P&N: Of all the monthly projects—possessions and marriage and parenthood and body—was there one that, looking back now, made the biggest difference in your home life?
GR: Well, that’s hard to say. One of the things that was surprising to me, a small change that made such a gigantic change in the atmosphere of my home, was the resolution to give warm greetings and farewells. And this is something when your children are little you kind of take for granted, because they run to you and they are ecstatic when you get home and they cry when you leave, and it’s always a big deal when you come and go. But then when your children get older, everybody just takes each other for granted much more. And with your spouse it’s very easy to do that, just sort of grunt out a hello without looking up from your book or your laptop or whatever. And now we really make a big deal—you get your hello, you get your goodbye when you come and go, and it really makes a big difference; just the feeling of connection and engagement. And it doesn’t take any time, energy or money. It didn’t take any nagging for my family to get in the habit of it.
P&N: Do you think your family responded to you doing it, and just sort of followed suit?
GR: No, we all agreed. It’s the only resolution where we all agreed. My whole thing is that you don’t try to change other people, because you can’t. So don’t waste your breath. But this is the only resolution where I sat down and I said, “What do you think about us all making a resolution?” So we all talked about it, and we all agreed that we were going to do it differently.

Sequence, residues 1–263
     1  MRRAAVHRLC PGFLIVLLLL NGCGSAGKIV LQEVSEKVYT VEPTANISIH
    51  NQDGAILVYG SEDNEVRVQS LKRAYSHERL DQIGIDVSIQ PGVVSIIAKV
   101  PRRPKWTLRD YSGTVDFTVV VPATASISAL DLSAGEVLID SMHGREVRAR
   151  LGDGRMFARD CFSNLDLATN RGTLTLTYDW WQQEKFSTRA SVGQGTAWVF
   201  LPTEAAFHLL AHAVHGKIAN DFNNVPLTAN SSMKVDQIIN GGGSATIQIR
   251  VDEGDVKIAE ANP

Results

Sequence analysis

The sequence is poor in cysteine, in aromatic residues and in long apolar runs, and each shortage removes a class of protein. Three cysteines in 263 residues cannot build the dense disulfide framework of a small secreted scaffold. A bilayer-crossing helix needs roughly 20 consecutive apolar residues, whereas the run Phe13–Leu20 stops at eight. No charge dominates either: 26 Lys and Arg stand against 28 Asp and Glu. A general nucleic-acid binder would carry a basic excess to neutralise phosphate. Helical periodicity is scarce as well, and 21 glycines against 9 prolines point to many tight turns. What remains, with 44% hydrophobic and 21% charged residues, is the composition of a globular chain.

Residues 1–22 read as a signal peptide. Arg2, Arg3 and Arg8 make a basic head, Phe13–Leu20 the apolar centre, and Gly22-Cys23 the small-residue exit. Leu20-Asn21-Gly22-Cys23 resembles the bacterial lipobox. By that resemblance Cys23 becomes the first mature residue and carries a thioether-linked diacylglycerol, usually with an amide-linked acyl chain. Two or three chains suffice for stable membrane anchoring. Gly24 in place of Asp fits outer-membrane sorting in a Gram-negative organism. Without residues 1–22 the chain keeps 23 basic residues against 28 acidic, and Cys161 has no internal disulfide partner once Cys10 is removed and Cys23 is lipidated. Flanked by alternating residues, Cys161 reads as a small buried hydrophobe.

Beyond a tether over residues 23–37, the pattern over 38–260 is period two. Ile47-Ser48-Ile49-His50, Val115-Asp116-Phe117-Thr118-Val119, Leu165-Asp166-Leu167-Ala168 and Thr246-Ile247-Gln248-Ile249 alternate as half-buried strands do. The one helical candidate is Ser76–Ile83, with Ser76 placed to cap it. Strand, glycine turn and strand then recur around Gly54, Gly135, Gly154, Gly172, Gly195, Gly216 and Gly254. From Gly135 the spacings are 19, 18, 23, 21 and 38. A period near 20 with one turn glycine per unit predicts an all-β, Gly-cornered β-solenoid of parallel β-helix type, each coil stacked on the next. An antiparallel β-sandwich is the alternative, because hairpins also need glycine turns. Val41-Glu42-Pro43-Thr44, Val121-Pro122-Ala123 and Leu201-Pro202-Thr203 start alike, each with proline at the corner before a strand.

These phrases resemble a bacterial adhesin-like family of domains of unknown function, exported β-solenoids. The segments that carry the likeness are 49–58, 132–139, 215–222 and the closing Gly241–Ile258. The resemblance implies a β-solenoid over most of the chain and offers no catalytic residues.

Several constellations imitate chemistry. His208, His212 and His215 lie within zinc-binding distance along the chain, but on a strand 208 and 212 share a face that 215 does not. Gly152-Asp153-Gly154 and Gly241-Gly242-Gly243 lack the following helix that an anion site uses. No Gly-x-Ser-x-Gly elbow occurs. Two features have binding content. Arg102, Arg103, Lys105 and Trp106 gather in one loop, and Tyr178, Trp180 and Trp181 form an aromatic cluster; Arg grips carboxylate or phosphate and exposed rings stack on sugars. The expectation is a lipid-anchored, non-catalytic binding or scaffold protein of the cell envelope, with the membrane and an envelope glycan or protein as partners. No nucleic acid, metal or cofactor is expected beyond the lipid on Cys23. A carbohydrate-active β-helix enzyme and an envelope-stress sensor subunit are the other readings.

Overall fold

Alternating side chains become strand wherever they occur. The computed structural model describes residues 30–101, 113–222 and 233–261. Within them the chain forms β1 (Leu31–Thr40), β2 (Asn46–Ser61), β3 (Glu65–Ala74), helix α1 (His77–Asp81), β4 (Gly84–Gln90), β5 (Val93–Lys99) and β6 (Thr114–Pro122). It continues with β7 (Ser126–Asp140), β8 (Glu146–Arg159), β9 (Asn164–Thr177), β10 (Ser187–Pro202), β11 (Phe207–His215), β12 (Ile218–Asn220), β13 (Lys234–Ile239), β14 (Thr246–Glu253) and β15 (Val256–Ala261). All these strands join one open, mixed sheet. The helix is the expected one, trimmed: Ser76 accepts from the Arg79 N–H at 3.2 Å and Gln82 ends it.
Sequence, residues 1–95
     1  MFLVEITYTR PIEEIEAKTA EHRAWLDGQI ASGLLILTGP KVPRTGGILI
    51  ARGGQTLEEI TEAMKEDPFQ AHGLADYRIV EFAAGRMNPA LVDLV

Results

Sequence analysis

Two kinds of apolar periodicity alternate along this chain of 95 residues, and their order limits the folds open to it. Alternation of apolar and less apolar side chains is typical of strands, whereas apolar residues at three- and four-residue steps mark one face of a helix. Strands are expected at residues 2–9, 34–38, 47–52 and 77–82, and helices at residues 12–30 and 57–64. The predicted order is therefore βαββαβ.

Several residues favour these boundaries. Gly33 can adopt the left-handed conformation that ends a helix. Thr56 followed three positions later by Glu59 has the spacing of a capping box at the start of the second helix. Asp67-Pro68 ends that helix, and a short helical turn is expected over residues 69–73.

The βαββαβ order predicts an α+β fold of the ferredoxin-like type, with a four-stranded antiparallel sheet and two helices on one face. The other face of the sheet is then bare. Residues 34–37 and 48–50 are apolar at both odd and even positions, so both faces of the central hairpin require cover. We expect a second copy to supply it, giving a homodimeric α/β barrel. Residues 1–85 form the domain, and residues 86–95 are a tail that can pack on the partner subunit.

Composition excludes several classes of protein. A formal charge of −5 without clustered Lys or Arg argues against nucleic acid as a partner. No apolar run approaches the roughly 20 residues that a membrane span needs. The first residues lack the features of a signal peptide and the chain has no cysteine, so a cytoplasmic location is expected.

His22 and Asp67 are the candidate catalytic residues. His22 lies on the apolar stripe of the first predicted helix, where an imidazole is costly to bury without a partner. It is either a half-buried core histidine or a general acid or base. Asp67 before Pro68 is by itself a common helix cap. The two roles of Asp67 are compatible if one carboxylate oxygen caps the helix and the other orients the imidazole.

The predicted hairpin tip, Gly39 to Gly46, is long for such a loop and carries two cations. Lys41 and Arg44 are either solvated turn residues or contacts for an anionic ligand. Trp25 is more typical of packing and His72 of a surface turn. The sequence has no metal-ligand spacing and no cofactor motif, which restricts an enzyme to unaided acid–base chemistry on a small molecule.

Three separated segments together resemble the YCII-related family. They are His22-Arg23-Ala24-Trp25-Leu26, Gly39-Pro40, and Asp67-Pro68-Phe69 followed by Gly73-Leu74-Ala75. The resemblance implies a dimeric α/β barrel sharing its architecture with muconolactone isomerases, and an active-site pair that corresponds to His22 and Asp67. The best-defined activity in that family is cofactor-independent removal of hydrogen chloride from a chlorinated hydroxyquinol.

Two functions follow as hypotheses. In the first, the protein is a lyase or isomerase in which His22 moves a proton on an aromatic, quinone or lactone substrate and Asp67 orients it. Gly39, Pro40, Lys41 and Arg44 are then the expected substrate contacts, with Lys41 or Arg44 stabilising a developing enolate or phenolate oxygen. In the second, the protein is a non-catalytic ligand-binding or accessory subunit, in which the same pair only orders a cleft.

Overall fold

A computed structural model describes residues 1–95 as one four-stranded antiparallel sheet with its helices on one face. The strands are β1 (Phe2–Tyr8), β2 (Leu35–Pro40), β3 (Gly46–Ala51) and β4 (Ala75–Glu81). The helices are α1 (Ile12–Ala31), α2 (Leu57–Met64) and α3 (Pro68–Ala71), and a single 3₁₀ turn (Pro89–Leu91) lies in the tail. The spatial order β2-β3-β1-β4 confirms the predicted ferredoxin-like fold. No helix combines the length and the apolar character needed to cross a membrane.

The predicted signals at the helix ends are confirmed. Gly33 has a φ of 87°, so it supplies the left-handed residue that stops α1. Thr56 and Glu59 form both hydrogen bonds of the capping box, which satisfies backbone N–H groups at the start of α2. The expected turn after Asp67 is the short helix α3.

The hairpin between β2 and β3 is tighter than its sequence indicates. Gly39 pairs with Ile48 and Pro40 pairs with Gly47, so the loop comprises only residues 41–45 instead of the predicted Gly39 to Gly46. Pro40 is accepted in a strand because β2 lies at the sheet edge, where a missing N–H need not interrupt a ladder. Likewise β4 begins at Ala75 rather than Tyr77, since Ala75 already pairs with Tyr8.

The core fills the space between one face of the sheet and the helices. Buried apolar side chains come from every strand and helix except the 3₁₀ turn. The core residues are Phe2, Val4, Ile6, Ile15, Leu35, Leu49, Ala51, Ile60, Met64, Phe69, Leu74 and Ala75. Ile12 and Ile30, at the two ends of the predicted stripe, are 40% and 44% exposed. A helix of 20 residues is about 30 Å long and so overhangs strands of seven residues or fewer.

P&N: I love the research you mention that showed that people who have ties to people represent them in concrete objects. Is there something—or things—you can name that are your favorite possessions, and are they tied to people that you love?
GR: Absolutely. In my family growing up, Christmas is a huge deal and we would get a special Christmas ornament that we would pick every year. So I have my Christmas ornaments that are really, really precious to me. Also, my collection of children’s literature books—and it has to be those ones. I hate it when I try to get a favorite book of mine and it has a different cover now. I hate the cover, I want the version that I had. So, my copies. The copy of The Lion, the Witch, and the Wardrobe that I had is super precious to me. And as I was writing the book I kind of had to battle the problem—and I think this is something that other people feel—anything that I associate with my children becomes precious. And you just can’t do that, because you cannot keep every cute little set of mittens that your children ever wore, “Oh I just remember them putting them on,” everything. And I couldn’t get rid of this: I have the little, tiny—my daughter was born early, so she was itty bitty—and I have the little, tiny newborn diaper (which was gigantic on her). I’m like, “I can’t get rid of the diaper, I have to have the little Pampers diaper.” So I kept it. A lot of it is making choices and saying something truly is precious, or saying something is just kind of associated with something that you find precious and so you need to be very diligent in finding the perfect thing. I can pick one outfit but I can’t pick 10 outfits, or one drawing but not 50 drawings, or three giant cardboard boxes full of finger paintings from preschool. They feel precious, but … it’s hard.